Don't Think About WMDs

Friday, May 05, 2006

By Wray Herbert

The leaking of privileged information is commonplace in human affairs. Such everyday leaks rarely make the evening news, of course, because most of these plumbing mishaps don’t involve wars, and most leakers aren’t leaders of the free world. What’s more, unlike some newsworthy leaks, the vast majority of everyday leaks are unintentional.

Still, they are leaks just the same, and psychologists are very interested in why we all find it so difficult to keep secrets—even when motivated to. In a recent experiment, psychologists at the University of California—San Diego tested subjects to see how often (and under what circumstances) they betrayed knowledge that only they were privy to.

For the purpose of a laboratory experiment, the privileged information was not controversial. Indeed, it was kept simple and mundane: The subjects had information about a set of geometrical shapes that, if they weren’t careful, they could accidentally reveal in conversation. The researchers—psychologist Lianne Wardlow Land and colleagues at UCSD-- told some of the subjects to be careful not to reveal the private information. Others got no such instructions. Somewhat surprisingly, as they report in April issue of Psychological Science, those who should have been more guarded in conversation actually were more likely to leak the experimentally “classified” information.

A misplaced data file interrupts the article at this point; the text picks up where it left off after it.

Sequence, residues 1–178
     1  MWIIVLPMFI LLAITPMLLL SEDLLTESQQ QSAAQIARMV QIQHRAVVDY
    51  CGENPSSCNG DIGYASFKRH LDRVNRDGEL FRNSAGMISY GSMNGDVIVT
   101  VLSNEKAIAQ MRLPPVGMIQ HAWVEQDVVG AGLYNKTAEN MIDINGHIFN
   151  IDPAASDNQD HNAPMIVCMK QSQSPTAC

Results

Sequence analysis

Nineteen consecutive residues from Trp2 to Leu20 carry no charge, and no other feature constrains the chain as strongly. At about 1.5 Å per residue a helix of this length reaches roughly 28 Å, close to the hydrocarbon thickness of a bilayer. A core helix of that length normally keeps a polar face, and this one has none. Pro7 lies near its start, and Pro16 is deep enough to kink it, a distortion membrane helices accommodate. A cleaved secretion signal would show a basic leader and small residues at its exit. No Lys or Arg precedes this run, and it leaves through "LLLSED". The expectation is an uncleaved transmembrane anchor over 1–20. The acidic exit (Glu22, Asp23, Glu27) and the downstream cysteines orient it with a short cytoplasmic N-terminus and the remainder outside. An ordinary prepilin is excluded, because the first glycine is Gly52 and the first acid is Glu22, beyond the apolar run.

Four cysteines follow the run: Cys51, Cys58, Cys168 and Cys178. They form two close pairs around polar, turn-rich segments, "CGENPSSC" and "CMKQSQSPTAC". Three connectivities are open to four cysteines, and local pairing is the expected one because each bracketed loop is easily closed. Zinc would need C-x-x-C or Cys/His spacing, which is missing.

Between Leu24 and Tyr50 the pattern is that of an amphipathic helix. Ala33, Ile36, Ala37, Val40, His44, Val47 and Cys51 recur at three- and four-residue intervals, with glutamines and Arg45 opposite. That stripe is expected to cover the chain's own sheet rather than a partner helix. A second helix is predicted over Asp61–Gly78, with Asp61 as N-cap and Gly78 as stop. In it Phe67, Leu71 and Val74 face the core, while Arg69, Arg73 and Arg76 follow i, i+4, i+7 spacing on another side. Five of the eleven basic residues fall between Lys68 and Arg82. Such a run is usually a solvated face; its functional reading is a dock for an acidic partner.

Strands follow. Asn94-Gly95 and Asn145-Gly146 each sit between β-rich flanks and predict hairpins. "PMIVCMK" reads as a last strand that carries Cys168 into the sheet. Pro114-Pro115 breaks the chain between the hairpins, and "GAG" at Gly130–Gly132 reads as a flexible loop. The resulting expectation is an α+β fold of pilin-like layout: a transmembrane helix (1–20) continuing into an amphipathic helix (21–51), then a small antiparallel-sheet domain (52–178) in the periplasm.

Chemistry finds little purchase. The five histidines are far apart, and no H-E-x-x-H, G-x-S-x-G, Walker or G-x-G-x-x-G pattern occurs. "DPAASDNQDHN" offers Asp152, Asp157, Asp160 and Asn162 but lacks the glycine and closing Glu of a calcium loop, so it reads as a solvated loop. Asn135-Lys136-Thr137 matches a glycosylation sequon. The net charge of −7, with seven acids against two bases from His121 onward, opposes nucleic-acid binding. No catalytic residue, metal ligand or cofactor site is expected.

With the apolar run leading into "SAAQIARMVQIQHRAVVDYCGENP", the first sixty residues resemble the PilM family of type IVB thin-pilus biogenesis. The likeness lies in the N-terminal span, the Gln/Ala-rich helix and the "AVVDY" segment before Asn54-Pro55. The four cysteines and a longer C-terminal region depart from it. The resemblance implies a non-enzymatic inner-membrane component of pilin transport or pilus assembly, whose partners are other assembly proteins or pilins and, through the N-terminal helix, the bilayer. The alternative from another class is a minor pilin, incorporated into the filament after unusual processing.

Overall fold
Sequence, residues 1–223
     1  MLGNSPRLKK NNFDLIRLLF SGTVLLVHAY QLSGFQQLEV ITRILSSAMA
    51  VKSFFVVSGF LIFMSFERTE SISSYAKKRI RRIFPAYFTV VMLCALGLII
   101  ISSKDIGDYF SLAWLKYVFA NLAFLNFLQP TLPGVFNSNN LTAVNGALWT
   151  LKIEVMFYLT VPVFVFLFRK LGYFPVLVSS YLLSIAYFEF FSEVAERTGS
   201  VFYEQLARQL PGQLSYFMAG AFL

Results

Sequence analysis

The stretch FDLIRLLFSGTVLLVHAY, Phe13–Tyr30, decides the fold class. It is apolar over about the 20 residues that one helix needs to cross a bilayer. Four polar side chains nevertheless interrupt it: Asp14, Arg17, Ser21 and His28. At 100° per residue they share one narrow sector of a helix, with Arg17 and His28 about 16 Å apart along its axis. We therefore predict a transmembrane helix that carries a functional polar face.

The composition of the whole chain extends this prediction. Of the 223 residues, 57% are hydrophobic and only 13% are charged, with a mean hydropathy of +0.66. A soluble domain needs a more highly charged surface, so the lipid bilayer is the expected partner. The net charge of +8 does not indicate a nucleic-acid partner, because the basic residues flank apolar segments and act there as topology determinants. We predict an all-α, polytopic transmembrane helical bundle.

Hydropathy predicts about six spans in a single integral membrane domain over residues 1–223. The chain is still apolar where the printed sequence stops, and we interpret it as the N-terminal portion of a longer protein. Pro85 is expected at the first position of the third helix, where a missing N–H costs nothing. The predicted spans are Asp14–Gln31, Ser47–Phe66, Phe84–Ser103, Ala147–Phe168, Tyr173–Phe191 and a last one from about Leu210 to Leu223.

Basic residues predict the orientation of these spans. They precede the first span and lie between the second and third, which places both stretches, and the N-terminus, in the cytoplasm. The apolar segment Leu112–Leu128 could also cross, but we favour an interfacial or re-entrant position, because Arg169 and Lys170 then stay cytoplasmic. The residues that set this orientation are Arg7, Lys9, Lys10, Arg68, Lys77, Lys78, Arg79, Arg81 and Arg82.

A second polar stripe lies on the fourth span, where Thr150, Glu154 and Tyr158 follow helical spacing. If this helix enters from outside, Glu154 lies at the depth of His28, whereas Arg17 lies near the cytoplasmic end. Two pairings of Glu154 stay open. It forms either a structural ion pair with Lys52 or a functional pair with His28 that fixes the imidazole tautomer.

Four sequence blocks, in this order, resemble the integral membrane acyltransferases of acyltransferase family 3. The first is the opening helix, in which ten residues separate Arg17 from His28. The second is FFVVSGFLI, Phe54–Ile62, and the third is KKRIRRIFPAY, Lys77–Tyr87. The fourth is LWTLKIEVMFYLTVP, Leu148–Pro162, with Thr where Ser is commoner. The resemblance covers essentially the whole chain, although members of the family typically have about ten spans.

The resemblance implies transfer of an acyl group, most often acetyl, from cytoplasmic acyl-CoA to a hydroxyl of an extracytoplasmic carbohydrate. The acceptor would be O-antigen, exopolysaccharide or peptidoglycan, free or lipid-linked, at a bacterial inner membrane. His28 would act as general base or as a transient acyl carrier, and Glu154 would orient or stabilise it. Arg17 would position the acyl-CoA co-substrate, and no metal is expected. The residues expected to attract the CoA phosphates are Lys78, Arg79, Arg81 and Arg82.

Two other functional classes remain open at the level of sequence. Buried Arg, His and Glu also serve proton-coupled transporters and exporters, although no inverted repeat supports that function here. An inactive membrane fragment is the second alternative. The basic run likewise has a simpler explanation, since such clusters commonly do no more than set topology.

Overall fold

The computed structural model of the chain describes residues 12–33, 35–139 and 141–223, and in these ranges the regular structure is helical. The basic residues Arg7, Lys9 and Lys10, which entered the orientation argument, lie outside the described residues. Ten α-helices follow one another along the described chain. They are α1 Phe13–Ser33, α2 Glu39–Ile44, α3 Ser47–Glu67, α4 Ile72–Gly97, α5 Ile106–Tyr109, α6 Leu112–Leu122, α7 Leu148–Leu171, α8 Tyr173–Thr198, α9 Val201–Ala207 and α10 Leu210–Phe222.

Why would this happen? It’s possible that focusing attention on the classified information boosts its salience in people’s minds, overwhelming the knowledge that it is supposed to remain hidden. In this sense, the researchers say, the slips are like “Simon says” errors. The study builds on the well known psychological fact that most people have a great deal of trouble suppressing any thoughts: The classical experiment told people not to think about something—white bears, for example, or pink elephants. Most people are simply not able to keep such contraband thinking out of their consciousness, as hard as they might try—and indeed when they try, the suppressed information rebounds with a fury. The current study extends this notion from thinking to speech. The bottom line appears to be that most of us can’t be trusted to censor ourselves, whether the privileged knowledge is trivial or a matter of national security.

For more insights into the human mind, visit the Association for Psychological Science at

posted by Wray Herbert @ 10:03 AM


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